Rick Lazio is running for governor. He’s the former Republican Congressman who ran against Hillary Clinton for U.S. Senate. At one point in the debate, he shocked a lot of people by walking too close to her podium; Democrats and feminists jumped on him for taking what they perceived to be too combative a posture. I asked him about that time with Clinton and whether he would have done it differently now. He made it clear that he’s older and wiser and no, he would not have made that move if he had to do it over.
Lazio says he can win. That would mean beating either sitting Gov. David Paterson or Attorney General Andrew Cuomo, if he runs. Lazio recalled that when the then-popular Attorney General Robert Abrams ran for Senate against Alfonse D’Amato, he was leading Big Al by 25 points in the polls but still lost.
Lazio is a genuinely nice guy, a moderate Republican who takes progressive stances on issues like women’s reproductive rights. He describes himself as a fiscal conservative. Of course, if the conservative whack-jobs decide that Lazio is not conservative enough, they could throw a candidate into the race, thus dooming Lazio’s chances.
The politics of Lazio and the new Republican state chairman, Ed Cox, sound a lot alike to me. Lazio says that he likes and respects Cox, but when I asked him whether he would keep Cox in the top party job if he became governor, there was a certain amount of hemming and hawing until he decided that he would be comfortable with Cox.
If no one else comes forward to run, Lazio may well get the nod. Assuming that Cuomo is the Democratic candidate, how will Lazio catch up? He will certainly have to go on the attack. When I spoke with him, I got a taste of what that attack might look like. Lazio and some other people I know think that Cuomo’s soft underbelly is his time as Secretary of Housing and Urban Development. Cuomo didn’t win stellar reviews while he was there. It turns out that Lazio was chairman of the Subcommittee on Housing and Community Opportunities when Cuomo was at HUD, and Lazio says that Cuomo was a weak secretary. He has facts and figures to back that up. My bet is that his people are doing what we call “negative research” on Cuomo’s time at HUD and we will be hearing a lot more about that from the former Long Island Congressman.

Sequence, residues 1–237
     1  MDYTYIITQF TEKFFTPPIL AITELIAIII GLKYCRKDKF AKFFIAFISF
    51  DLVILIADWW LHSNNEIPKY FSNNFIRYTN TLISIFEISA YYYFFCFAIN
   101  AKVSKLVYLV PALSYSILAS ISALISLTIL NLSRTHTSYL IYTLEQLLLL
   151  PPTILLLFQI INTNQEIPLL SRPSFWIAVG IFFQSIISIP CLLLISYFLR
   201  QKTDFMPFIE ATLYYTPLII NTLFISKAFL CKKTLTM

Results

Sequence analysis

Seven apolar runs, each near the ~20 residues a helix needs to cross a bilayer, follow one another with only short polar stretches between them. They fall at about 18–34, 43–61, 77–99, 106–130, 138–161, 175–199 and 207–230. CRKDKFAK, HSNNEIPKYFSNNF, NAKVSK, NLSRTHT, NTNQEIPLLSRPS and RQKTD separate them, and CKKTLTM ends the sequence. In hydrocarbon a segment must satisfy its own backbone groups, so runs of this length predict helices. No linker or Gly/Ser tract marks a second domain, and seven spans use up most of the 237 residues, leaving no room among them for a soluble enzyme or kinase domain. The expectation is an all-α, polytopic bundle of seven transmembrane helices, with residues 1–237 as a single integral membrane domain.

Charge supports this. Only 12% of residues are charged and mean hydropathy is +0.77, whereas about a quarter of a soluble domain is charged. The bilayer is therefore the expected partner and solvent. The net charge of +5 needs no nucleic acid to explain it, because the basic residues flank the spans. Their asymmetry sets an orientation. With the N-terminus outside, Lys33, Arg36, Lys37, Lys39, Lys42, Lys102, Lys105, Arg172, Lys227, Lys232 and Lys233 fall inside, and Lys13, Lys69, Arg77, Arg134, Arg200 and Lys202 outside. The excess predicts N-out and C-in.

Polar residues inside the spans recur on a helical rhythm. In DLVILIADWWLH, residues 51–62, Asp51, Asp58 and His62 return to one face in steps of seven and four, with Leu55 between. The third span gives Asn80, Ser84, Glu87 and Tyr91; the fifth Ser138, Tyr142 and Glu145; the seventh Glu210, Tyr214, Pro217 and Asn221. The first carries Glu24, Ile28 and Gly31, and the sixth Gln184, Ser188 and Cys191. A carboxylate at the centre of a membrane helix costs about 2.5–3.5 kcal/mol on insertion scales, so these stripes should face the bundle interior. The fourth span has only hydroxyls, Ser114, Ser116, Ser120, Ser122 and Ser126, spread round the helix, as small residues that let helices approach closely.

Lazio also senses a major Republican resurgence in New York. He points to a mess of Republican victories around the state in which county legislatures and county executive positions that were Democratic fell to the Republicans. Right now, Lazio has a big name-recognition problem, but if he can ride the wave of anti-Democratic sentiment in New York, fueled by the nonsense in the State Senate and Paterson’s inability to get other Democrats to go along with budget cuts, he might prevail. Stranger long shots have come in.
Alan S. Chartock is president and CEO of WAMC/Northeast Public Radio and an executive publisher at The Legislative Gazette.
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